In 1945 after World War II ended, he enrolled in
the Graduate School of Cornell University where he came under the
tutelage of Dr. William Mai.
Dr. Mai introduced Ben to the golden nematode, Globodera
rostochiensis, and the fascinating science of Nematology which set
his career interests for the rest of his life.
He received the Doctor of Philosophy degree in 1950 and served
briefly as an Assistant Professor at Cornell.
That same year he joined the USDA in
Dr. Lownsbery’s responsibility was to study nematodes affecting tree fruit and nut crops in California with special attention to developing procedures for establishing proof of pathogenic effects on plants suffering from nematode attacks. One of his most noteworthy contributions was a solution for the bacterial canker disease of peaches caused by Pseudomonas syringae. Jointly with Drs. James DeVay and Harley English in the Department of Plant Pathology, they proved that the ring nematode, Mesocriconema xenoplax, feeding on the roots of peach predisposed the trees to the bacterium which ultimately killed the trees. In 1971 the American Society of Horticulture Science honored him for helping to develop nematode-resistant peach trees.
Dr. Lownsbery had an inquiring spirit in his research which impressed colleagues and fellow workers. It was known that a simple association of a given nematode species with plant injury was judged insufficient evidence to conclude nematodes were the cause of injury, even if the association was commonly found and widespread. He made many valuable contributions on this subject during his career and helped develop schemes to test pathogenicity of a given species of nematode by subjecting the host plants to logarithmically increasing numbers. Such procedures are routinely used throughout the world today. He was a productive researcher and author or co-author more than 140 scientific publications.
Besides his research, Dr. Lownsbery taught formal courses in General Plant Nematology, Nematode Pathogenicity, and Nematode Pathogenicity to Plants and directed graduate students in M.Sc. and/or Ph.D. programs. In all his contacts with students, he required the highest standards of thorough and well designed research. He earned the appreciation and respect of all his students which is still clearly sustained after their graduations.
Dr. Lownsbery contributed in many other ways to the university community by his willingly to serve on campus committees and participate generously in departmental affairs. He was also active in the Society of Nematologists serving as Editor-in-Chief of the Journal of Nematology from 1978-1980.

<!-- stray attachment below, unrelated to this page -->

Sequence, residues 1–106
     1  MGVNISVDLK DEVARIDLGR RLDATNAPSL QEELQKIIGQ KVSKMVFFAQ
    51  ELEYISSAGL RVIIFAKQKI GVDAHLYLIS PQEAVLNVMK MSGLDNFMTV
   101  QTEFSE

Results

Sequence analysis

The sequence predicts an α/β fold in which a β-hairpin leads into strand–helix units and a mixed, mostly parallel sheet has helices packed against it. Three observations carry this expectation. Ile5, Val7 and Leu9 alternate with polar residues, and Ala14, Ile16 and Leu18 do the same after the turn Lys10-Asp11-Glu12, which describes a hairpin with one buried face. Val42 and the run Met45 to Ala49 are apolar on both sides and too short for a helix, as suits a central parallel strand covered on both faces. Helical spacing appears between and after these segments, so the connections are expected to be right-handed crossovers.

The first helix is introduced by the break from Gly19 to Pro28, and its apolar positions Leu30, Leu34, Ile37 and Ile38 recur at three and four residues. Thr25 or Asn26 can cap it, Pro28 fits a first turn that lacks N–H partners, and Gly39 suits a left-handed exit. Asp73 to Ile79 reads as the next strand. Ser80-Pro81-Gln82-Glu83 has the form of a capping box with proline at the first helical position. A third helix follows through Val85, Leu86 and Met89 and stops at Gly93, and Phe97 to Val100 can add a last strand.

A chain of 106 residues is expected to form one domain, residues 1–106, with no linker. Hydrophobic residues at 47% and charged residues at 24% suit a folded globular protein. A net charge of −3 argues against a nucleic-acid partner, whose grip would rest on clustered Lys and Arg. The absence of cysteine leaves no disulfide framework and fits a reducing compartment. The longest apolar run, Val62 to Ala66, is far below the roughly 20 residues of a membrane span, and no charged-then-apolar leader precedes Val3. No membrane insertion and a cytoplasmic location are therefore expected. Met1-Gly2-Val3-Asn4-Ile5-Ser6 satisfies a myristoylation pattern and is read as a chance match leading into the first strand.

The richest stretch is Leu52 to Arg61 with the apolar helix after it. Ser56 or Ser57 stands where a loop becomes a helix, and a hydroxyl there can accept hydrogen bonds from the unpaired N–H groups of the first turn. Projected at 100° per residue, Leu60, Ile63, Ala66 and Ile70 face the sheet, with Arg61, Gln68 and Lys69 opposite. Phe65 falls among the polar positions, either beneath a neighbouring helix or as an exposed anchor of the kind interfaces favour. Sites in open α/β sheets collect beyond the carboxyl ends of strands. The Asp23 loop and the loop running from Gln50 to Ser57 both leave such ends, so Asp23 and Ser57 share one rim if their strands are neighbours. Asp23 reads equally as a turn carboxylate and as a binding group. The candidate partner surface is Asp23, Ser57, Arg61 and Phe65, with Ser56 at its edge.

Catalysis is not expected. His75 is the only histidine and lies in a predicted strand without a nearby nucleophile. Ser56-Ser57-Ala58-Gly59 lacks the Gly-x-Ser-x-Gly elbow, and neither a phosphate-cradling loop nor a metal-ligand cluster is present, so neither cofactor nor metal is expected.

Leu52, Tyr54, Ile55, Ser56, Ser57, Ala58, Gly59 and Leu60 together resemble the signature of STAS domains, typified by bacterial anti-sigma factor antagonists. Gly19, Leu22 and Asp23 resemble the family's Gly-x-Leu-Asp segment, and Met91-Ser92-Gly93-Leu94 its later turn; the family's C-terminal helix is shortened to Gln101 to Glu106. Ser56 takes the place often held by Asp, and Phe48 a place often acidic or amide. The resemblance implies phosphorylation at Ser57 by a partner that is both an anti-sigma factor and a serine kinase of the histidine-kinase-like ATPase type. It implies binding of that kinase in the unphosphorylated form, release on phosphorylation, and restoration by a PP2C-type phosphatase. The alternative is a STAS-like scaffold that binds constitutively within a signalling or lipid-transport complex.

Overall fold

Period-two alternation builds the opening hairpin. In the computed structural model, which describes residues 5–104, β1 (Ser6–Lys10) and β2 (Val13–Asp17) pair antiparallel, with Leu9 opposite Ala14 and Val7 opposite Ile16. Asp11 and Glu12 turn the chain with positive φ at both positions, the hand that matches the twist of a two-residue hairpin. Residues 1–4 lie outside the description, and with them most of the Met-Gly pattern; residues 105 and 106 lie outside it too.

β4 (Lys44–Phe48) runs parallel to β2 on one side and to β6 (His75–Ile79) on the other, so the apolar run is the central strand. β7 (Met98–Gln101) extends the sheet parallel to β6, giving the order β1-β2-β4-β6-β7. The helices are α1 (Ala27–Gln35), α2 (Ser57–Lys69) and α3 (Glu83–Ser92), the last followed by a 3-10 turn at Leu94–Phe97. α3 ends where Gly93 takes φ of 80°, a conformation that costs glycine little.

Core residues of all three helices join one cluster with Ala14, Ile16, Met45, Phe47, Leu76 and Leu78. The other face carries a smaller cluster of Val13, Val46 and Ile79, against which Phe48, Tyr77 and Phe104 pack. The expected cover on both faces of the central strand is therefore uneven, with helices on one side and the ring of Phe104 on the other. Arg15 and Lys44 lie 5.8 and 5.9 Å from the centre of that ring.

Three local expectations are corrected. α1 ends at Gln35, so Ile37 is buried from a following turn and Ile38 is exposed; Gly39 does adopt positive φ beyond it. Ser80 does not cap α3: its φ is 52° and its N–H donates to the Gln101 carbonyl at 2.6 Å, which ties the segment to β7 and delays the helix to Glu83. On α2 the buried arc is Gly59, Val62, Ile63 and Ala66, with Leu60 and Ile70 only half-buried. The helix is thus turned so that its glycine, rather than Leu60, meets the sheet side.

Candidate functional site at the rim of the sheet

Benjamin F. Lownsbery was an avid gardener, enjoyed outdoor activities especially hiking, and was a member of the Sierra Club and the Audubon Society. He died on July 14, 2000 at the age of 79. His wife Joyce passed away on November 6, 2001. Both are survived by their daughter, Jill Watson and her husband Robert.
Prepared by Harry K. Kaya, Howard Ferris, Dewey Raski
By Steve Gibson
Sacramento Bee Staff Writer
(Published July 18, 2000)
Benjamin F. Lownsbery, 79, a University of California, Davis, professor who was an internationally recognized expert on roundworms, died Friday of complications from Parkinson's disease.
As a professor of nematology, he devoted years of study to, among other things, the role roundworms played in diseases of fruit and nut trees.
"His research was very thorough . . . (and) brought out results which ultimately were important to fruit and nut crop growers," said Dewey Raski, a retired professor who worked with Dr. Lownsbery.
Dr. Lownsbery was the author or co-author of more than 141 scientific publications and was editor in chief of the Journal of Nematology from 1978 until 1980.
Dr. Lownsbery came to UC Davis in 1953 as a lecturer and retired from the faculty as a full professor in 1983.
He taught an introductory course in nematology to undergraduates, but most of his time was spent working with graduate students and conducting research, according to his wife, Joyce Lownsbery.
He became interested in nematodes while he was a graduate student at Cornell University after World War II, his wife said. The potato fields of Long Island had become infested with a worm called the golden nematode, she said. Crops were being destroyed and the federal government funded the research effort.
"That's how he got started," his wife said. "That gave him money to do his research, money for his Ph.D."
Benjamin Ferris Lownsbery Jr. was born in Wilmington, Del., the only child of a mechanical engineer and a schoolteacher. After graduating from high school in Wilmington, he attended the University of Delaware. During World War II, he worked for DuPont making black powder for munitions. Shortly after the war ended, he enrolled at Cornell.
Immediately after earning his doctorate, he was hired as a nematologist by the U.S. Department of Agriculture in Beltville, Md. He then worked three years in New Haven, Conn., at the Connecticut agricultural experiment station.
At the Davis campus, he was known as a tenacious researcher who "was also a very pleasant person to work with," Raski said. "He took his share of extra work, committee work from the dean's office, whatever was needed. He was always willing to help."
In 1971, the American Society for Horticultural Science honored him for his work in developing worm-resistant peach trees. He belonged to the Audubon Society, the Sierra Club and the American Phytopathological Society.
Survivors include his wife of 47 years, the former Joyce Hagemeyer, who resides in Davis, and a daughter, Jill Lownsbery of Flagstaff, Ariz.